People of my generation will always remember the infamous Jamaican bobsled team. The unlikely story of four guys from the tropics competing in the 1988 Winter Olympics captured many hearts, and deservedly so.
A couple of years ago, the wine world was treated to its own version of such an underdog story, as a group of Zimbabwean sommeliers competed in the World Wine Tasting Championships in Burgundy.
The journey of Tinashe Nyamudoka, Pardon Taguzu, Marlvin Gwese, and Joseph Dhafana captured in the recently released film Blind Ambition is heartwarming, inspiring, and perfectly timed in the face of a draconian crackdown on Zimbabwean immigrants taking place in South Africa at this very moment.
Nyamudoka, Taguzu, Gwese, and Dhafana are all economic refugees (what some in the US would call illegal immigrants) having fled the economic turmoil of their native Zimbabwe for the relative stability and opportunities of neighboring South Africa.
All four men not only survived their (sometimes harrowing) immigrant journeys, but diligently worked their way to becoming sommeliers in some of South Africa’s top restaurants.
After competing in South African blind tasting competitions and placing well, the four are encouraged to start their own blind tasting team for their home country, and the film follows their preparation for the global competition, telling their personal stories along the way.
The enthusiasm and passion these men bring to the subject of wine will remind even the most jaded wine drinker of that spark that grabbed each of us at some point on our wine journey. It quickly becomes impossible not to root for them as they train for the rigors of the competition.
Amidst the tasting techniques and strategies, the foibles of odd French coaches, and the personal stories of each man, the filmmakers make sure to touch on the precarious nature of the current Zimbabwean experience in South Africa.
In response to a flood of refugees fleeing a Mugabe-wrought economic disaster of several decades, South Africa has recently instituted an absolutist immigration policy with regard to Zimbabwe nationals. Beginning in June of 2023, all previously issued temporary work permits will be invalid, and all Zimbabwean immigrants without a visa will be subject to deportation.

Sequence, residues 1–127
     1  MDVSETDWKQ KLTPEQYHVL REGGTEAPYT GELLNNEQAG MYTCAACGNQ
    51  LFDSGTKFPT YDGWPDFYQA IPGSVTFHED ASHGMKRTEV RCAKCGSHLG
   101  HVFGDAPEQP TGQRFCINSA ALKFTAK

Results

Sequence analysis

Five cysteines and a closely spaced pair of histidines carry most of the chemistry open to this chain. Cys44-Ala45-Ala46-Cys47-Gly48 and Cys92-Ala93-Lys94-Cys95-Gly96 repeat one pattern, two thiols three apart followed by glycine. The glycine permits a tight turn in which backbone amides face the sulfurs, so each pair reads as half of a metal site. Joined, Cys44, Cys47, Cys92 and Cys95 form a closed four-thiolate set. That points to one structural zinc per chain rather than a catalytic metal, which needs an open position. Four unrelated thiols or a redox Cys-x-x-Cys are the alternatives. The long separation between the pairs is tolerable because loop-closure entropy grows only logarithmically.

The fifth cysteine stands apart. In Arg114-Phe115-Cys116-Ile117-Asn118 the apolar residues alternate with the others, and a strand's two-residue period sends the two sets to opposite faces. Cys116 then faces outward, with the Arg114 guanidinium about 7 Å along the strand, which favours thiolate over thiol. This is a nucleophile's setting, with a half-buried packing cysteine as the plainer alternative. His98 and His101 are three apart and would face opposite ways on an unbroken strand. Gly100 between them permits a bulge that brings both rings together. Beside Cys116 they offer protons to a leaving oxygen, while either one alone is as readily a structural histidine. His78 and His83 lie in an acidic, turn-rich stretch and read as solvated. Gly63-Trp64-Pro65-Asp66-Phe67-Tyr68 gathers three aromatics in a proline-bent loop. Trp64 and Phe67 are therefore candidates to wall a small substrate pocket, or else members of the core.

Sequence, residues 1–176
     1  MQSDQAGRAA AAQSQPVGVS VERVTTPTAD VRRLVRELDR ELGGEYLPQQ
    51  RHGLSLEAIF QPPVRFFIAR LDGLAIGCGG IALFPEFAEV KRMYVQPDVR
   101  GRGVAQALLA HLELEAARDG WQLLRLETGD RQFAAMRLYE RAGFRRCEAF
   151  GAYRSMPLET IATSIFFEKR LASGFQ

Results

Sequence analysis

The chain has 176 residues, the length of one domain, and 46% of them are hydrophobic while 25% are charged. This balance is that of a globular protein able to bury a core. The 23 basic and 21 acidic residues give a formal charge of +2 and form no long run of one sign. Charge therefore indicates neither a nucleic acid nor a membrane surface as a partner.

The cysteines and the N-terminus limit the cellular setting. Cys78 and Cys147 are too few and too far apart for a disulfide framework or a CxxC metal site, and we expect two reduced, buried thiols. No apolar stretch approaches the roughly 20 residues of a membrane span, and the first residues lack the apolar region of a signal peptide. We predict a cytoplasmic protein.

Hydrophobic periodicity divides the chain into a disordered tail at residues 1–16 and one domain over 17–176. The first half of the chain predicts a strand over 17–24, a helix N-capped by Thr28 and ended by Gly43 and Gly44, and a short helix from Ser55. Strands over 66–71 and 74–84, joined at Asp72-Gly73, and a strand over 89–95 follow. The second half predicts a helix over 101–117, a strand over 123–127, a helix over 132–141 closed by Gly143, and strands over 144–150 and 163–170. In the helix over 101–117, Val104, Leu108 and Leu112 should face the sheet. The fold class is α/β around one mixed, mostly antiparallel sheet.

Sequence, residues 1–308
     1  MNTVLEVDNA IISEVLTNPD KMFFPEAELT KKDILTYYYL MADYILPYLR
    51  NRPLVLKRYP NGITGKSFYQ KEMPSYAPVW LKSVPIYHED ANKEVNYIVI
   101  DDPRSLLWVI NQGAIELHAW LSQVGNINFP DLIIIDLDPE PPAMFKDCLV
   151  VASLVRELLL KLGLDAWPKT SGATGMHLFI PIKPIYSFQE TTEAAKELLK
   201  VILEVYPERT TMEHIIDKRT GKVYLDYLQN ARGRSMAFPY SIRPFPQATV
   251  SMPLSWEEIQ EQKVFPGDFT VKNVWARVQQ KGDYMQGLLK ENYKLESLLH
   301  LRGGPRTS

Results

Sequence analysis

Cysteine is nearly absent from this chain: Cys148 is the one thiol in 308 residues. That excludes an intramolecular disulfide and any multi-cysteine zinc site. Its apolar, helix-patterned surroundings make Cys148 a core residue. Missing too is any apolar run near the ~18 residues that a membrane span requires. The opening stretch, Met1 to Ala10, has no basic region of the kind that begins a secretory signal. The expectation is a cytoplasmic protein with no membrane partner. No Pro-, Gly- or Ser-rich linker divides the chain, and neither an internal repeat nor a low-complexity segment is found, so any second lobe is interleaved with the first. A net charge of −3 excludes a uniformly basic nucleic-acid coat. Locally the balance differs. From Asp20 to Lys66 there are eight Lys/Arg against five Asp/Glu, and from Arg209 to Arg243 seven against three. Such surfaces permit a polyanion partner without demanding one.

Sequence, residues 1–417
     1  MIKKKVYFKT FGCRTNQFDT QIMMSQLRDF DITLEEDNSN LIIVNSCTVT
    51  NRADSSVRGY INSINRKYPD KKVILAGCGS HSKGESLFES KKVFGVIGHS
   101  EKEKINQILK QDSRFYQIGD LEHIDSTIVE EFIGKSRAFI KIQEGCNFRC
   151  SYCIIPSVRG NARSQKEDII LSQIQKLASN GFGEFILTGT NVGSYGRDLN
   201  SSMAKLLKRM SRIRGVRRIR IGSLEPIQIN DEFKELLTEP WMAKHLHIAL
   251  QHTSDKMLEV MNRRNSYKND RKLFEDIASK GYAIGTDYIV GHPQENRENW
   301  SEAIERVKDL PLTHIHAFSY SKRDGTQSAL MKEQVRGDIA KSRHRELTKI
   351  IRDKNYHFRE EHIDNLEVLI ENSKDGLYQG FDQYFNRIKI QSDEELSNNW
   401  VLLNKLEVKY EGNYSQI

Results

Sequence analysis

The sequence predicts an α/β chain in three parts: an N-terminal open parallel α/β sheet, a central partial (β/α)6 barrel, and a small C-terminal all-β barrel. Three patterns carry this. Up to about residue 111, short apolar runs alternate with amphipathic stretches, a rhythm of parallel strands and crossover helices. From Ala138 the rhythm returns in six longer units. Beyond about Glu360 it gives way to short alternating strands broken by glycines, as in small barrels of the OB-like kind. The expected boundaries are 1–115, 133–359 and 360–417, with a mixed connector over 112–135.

People I spoke to on my recent visit to South Africa say employment visas are rarely issued and all but impossible to secure. It was also implied that after June 2023, it will be illegal for employers to hire anyone without proof of valid work status, meaning that any Zimbabwean who happens to lose their job after that date will find it impossible to get another one (at least legally).
While the film doesn’t directly confront these current politics, which were still evolving during the making of the film, it doesn’t shy away from the daily realities of exploitation and physical danger faced by immigrants.
Blind Ambition is far from a perfect film. It is clunky in places, and the narrative can feel tenuously linked at times, as the filmmakers try to build a richer story around the central plotline leading to the Wine Tasting Championships.
These imperfections are easy to forgive considering the film was made mid-pandemic, and despite the myriad obstacles that entailed, not least of which were restrictions preventing the Australian filmmakers from traveling at times. More than that, however, the stories and personalities of Nyamudoka, Taguzu, Gwese, and Dhafana outshine and overpower the film’s minor flaws.
News broke last week that an all-female team of Kenyan sommeliers beat Italy, Scotland, and Sweden in the same competition featured in this film. If the events captured in Blind Ambition and the personal stories of the four protagonists had no other impact but to create more teams of black and brown sommeliers striving to compete on the world’s wine stages, they would be worthy of chronicling in a film like this.
You will find the story resonates so much deeper and further than that.
Blind Ambition is available to stream on Amazon Prime, Apple TV+, and other major streaming services as of October 1, 2022.